We got home late and slept in Saturday morning – did the beach walk, strolled through the Farmer’s Market, and visited the new Maritime Center. We even spent 40 minutes in the museum in City Hall. Old friends came to dinner, and we ate by the fire.

The next day we retraced the Upper Dungeness trail, wind bitter in the parking lot, but a lucky patch of sun at Camp Handy warmed lunch in the meadow. Split-second timing permitted both dinner at the Silverwater and a movie that evening.

On Monday morning – departure day already – we walked the beach again, then ate breakfast while rain splattered on the skylights. To us it seemed a good day to depart for sunny Los Angeles.

But the young people said at breakfast, “Wouldn’t it be great to just light a fire and read a book all day?” They are talking about unplanned time. Was there ever a visit with so much time that I seem to remember? Long school holidays maybe – summer walking in Spain. I always want more, but this was great.

Homage to Taylor Street

The other night at the Silverwater I thought about how nurturing it is to go there to my favorite-for-special-times restaurant. The Silverwater is two-stories with pumpkin-hued and brick walls. Upstairs is cozy, with low ceilings and a tapas bar, but I love downstairs right on the activity of Taylor Street. The Silverwater’s window boxes are filled with flowers in summer and kale and chard in winter.

We go there for celebratory dinners – New Year’s Eve or when we have company from out of town – or just because. This time we dined to cheer on my niece – off for her senior year at college and full of plans and excitement for the coming years. (In the way of left-behind adults, we’re thrilled – and aware of how just yesterday she came to visit and work on college applications.)

Last September at dinner with friends of our younger son and their bouncing baby boy, I went outside to give the parents a chance to finish. The baby and I walked right into the Port Townsend Film Festival’s outdoor movie. Viewers sit on hay bales in the street and watch old movies on a huge blown-up screen. (The full moon sometimes rises over the water, right behind the screen.) The baby and I bounced to a bit of “Singin’ in the Rain.”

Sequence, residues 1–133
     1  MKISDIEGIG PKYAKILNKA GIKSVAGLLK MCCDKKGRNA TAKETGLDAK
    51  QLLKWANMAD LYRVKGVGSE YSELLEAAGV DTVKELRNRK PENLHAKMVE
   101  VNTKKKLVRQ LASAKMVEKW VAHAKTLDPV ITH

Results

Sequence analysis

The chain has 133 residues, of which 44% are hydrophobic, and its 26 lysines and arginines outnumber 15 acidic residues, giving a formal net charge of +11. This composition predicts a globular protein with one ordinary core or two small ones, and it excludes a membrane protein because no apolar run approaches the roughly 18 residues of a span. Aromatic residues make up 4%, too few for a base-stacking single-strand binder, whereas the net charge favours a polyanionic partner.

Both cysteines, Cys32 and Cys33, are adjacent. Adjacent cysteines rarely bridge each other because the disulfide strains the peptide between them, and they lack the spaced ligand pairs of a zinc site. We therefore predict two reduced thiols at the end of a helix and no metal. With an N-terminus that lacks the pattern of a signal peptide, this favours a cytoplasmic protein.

Next-door is the best little theatre in the world – the Rose. Two screens (the littler one is the Rosebud) show current hits, but also small and interesting films you might miss. The Rose has comfortable seats, old wooden floors, and a concession stand like a great coffee bar with real butter for fresh popcorn. Audiences get welcomed with a brief word – why the director made this picture or some story of interest about the stars. (Also a reminder to turn off cell phones.)

On Taylor Street three-story old brick buildings house a photographer, hair salon, bank, music store, noodle restaurant, clothing shop, and more – businesses for regular life. Across from the Rose is the gallery Artisans on Taylor. I was proud to fill its adjacent, tiny exhibition space a couple of springs ago (with the books I use here in the header). Next to the gallery is an old-fashioned stationery and art supply store. No cavernous warehouse with 12-packs of tape but a functional selection of paper, printer ink, bulldog clips in every size, pencils and pens, erasers and envelopes – and the willingness of friendly clerks to order anything.

Taylor Street turns into a set of stairs to connect uptown and downtown. The Haller Fountain’s statue at the bottom of the steps is the sprite of Port Townsend. (She’s often decked in hearts or flowers or a Christmas boa).

Taylor Street is full of the good things that raise spirits in small town life.

Honey Bees

My beekeeper friend is like an old-fashioned milkman. On our front porch I put out the empties, and she quietly delivers two amber-toned jars of honey, leaving them in a little wooden carrier made by her dad with the name “Bee-i-e-i-o Honey Farm” burned into the wood. In an email she reports just finishing “a sticky four days of honey harvest.”

We eat a lot of honey. For my husband there has never been a doubt that honey is best. He’s been known to refer to bread as a “platform for honey” – not minding toast of stale or indifferent bread, as long as it’s slathered with honey.

People have incomplete glimmers of understanding about bee dances and bee illness in the self-contained, functioning, productive world of bees. There is something both otherworldly and lovable about bees – so busy, so focused, so sure of themselves and their jobs.

In a swell little book, “A Country Year: Living the Questions,” Sue Hubbell (librarian turned naturalist and beekeeper), describes being in one of her beeyards when an eerie feeling (the air “electric and full of excitement) led to the recognition of a swarm nearby: “They came flying in, swirling as they descended, spiraling around me and the post oak until I was enveloped by the swarm. The air moving gently from the beat of their wings.”